10 Qualities to Demand When Buying Wire Rope thumbnail

10 Qualities to Demand When Buying Wire Rope

Wire rope has come to be one of the most useful and adaptable pieces of lifting equipment available to dozens of industries around the world. Its structure and composition see it being used to help lift heavy weights, as electrical cables, and even being used for structural support. This means that, naturally, it is designed to be strong, adaptable, and resilient to whatever conditions it will be subject to. That being said, you must, as with any product or piece of equipment that you purchase, demand certain qualities when purchasing it. We’ve listed 10 of these below.

#1 Its length and diameter

The rope can be manufactured in a wide range of lengths, sizes and diameters, a critical fact given the vast number of tasks it is used for. Modern day machines and state-of-the-art facilities, like our very own that we have here at Rope Services Direct, mean that wire can be produced to your exact specifications.

buying wire rope

Wire rope can come manufactured to your specific length requirements

 

Make sure that when purchasing, it is the exact length and diameter that you need!

#2 Your rope complies with all necessary regulations

There are various laws, rules and regulations that apply to the use of lifting gear and equipment, and it is important that your supplier complies with these. Examples of these can be seen in the Lifting Operations and Lifting Equipment Regulations 1998 (LOLER) regulations and the Lifting equipment at work; a brief guide handbook.

#3 The core of your wire rope

Wire ropes are constructed by wrapping wires and strands around a strong internal core, typically fibre, although this varies. Ensure that the core is both the one that you asked for, and that it is also strong enough to handle the task that it will be subject to.

#4 Its strength

Like pretty much all pieces of lifting gear and lifting equipment, wire rope can have varying levels of lifting strengths and breaking points. Make sure you know exactly the weight of the loads that you want to lift before buying, but also that this is the strength of rope you need when purchasing.

#5 The level of element resistance

It is designed to have a higher level of resistance to things such as corrosion and rust than other pieces of lifting gear and equipment. This is particularly important as much of the work that it does is outdoors with more of the elements. Make sure you demand that your rope has this quality when purchasing it.

buying wire rope

Make sure that your wire rope is rust resistant if you’ll be working outside

 

#6 The level of abrasion resistance

The rope will often be run over sharp or rough edges, which will cause a natural abrasion. As with the elements, the equipment has a stronger resistance to abrasion than many other pieces of lifting gear, but make sure you confirm this with your sales rep.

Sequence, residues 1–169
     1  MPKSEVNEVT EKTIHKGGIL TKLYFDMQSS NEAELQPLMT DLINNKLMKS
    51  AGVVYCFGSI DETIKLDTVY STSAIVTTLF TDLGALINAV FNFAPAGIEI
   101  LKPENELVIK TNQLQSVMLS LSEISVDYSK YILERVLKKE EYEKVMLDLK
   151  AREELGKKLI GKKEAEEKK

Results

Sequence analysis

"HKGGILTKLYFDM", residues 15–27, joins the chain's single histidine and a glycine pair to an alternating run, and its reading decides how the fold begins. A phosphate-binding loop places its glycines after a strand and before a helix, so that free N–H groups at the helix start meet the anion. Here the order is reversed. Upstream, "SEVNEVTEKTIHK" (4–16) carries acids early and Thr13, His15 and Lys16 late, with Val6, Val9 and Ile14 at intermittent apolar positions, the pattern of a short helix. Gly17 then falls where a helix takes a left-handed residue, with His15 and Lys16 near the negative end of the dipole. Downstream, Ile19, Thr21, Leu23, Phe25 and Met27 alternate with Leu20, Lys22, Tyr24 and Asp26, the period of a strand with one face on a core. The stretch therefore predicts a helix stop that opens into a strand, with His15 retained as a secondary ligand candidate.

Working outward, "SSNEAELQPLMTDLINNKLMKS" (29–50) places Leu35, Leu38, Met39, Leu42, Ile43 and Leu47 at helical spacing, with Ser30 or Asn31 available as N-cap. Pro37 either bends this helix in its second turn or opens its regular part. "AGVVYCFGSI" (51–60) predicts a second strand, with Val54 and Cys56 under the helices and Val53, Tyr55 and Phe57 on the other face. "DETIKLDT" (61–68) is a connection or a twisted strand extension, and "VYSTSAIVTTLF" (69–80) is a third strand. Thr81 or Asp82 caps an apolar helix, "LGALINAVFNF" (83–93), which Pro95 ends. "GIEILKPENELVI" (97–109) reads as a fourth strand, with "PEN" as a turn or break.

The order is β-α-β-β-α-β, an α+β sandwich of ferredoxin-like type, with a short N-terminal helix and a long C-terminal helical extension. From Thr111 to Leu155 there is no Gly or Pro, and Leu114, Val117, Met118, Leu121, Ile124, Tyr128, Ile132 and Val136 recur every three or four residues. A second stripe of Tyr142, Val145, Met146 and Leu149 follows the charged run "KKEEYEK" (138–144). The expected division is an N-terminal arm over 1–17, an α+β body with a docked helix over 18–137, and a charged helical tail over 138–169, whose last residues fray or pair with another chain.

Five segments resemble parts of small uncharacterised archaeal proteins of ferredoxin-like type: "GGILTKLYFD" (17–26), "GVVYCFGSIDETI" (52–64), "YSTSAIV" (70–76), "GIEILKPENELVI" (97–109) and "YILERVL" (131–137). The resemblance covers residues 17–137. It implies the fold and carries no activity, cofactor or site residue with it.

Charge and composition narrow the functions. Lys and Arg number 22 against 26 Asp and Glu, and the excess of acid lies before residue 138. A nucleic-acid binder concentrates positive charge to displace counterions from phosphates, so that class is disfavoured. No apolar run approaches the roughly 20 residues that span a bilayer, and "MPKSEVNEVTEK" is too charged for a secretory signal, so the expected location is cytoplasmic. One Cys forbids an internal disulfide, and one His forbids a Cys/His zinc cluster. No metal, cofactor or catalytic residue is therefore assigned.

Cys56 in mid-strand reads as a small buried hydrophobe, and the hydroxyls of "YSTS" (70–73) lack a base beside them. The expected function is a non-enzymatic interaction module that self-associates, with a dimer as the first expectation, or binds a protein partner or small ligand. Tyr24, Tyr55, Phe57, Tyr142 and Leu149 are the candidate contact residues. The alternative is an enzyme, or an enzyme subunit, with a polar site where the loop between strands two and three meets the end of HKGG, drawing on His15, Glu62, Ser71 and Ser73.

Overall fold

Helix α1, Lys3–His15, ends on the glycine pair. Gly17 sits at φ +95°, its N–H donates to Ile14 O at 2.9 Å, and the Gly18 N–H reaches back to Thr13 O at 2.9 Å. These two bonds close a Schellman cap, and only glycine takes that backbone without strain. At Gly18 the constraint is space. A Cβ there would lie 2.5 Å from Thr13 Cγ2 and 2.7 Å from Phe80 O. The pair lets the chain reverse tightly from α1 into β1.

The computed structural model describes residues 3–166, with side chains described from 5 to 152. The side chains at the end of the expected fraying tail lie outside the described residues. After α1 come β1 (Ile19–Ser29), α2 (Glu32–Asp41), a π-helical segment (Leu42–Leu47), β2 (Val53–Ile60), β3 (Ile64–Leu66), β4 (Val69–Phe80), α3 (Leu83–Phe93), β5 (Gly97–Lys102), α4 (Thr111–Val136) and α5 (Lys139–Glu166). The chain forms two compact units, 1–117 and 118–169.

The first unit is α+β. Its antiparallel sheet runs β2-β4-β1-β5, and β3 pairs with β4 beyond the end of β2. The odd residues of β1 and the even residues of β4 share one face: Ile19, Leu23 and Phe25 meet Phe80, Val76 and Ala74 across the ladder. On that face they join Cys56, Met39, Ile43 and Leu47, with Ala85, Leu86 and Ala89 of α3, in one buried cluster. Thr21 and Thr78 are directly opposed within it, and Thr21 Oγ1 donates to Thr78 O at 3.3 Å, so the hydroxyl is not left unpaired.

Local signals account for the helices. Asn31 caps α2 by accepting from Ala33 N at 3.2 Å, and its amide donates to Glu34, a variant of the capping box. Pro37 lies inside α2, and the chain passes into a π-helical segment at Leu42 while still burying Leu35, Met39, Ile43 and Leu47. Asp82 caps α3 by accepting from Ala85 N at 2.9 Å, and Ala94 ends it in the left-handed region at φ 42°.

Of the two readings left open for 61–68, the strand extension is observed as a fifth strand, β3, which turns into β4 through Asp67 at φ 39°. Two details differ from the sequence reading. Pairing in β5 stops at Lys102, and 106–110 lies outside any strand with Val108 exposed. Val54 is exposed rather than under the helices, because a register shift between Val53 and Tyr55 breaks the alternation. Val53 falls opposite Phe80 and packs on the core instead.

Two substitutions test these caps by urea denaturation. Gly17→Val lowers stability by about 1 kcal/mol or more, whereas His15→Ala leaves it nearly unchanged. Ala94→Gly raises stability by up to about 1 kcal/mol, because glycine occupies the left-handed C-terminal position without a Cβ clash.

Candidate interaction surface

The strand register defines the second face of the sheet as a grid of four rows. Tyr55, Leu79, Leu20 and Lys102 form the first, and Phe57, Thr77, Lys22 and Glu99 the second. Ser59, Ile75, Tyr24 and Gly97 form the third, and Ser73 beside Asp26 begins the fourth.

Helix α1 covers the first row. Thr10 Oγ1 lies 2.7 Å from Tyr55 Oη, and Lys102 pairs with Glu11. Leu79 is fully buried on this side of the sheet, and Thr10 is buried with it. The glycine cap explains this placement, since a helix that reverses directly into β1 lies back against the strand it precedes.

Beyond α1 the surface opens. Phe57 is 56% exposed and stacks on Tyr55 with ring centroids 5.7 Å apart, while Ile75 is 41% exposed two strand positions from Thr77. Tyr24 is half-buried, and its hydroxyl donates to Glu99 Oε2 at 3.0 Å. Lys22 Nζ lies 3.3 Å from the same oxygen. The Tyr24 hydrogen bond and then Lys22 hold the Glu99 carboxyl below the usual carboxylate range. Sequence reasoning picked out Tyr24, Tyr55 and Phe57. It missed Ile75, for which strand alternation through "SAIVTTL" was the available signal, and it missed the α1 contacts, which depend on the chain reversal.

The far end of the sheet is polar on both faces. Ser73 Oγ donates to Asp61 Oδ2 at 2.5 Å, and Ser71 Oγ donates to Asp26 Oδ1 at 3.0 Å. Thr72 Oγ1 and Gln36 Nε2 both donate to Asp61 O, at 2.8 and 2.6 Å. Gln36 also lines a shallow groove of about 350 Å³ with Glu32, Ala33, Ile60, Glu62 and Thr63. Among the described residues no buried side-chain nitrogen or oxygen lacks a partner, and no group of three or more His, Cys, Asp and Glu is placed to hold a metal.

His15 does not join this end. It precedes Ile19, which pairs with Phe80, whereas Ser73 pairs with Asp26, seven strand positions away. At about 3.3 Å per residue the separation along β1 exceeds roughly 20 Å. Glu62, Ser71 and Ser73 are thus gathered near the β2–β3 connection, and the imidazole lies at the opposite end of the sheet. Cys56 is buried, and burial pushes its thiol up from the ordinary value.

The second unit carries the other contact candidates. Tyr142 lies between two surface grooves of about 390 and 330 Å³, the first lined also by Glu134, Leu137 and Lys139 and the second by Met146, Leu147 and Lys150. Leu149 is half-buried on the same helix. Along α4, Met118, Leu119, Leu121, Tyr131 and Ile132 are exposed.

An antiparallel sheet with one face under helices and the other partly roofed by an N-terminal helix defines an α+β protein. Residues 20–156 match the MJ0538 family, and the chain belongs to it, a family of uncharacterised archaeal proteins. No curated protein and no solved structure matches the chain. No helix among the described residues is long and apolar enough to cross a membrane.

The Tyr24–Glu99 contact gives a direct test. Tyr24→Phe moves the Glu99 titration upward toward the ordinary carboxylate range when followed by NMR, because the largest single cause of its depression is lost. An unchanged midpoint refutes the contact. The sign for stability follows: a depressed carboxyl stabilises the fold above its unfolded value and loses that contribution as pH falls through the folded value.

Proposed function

#7 Its compatibility

It is often utilised with many other different pieces of lifting gear and end terminations, helping it to be used for a wide variety of tasks. Make sure you know exactly what you’ll be using the lifting equipment for, then you’ll be able to figure out exactly what other items you need and if your equipment is compatible with them.

#8 The wire rope has been finished correctly

The end of your rope will need to be spliced, and it’s important that this has been done in the right way so as to prevent any fraying. Manufacturers who know what they’re doing should have no problem with this, but do check that the whole of your rope, including the rest of the length of it, all looks in good working order.

#9 Have you got the right type of rope?

There are different types that are designed for different functions. For instance, we stock anti-spin, trailer ropes and galvanised wire rope, all designed with a different purpose, so make sure you get the one that you asked for!

#10 What if something goes wrong?

In the unlikely event that there is a problem, make sure that you ask the manufacturer what you should do. All rope is designed to last for a long time, so with regular inspections, you should have no problems.

Are you looking at buying rope equipment?

Now that you know exactly what you should be looking out for, perhaps you are interested in acquiring some for your own application or industry? If that is the case, please do not hesitate to get in contact with one of our expert team here.

 

 

Image credit: qimono and

 

 

Webbing Slings Vs Round Slings – the Pros and Cons of Each thumbnail

Webbing Slings Vs Round Slings – the Pros and Cons of Each

Webbing Slings Vs Round Slings

Having a hard time deciding between your webbing slings and your round slings? We know it can be confusing trying to figure out the differences between the two and which one might be right for your application. With that in mind, we’ve put together this handy guide on webbing slings vs round slings, looking at the pros and cons of each.

What are webbing slings?

Webbing slings are flat belt straps, usually woven together from 100% polyester, and have eye loops at either end. They can be manufactured in a variety of lengths and widths. Webbing slings are also handily colour coded so that you know the exact lifting strength of your piece of lifting equipment. You can find the colour coded chart on our webbing sling page.

webbing slings vs round slings

The above shows the various webbing slings that we have on offer at Rope Services Direct

What are the pros of webbing slings?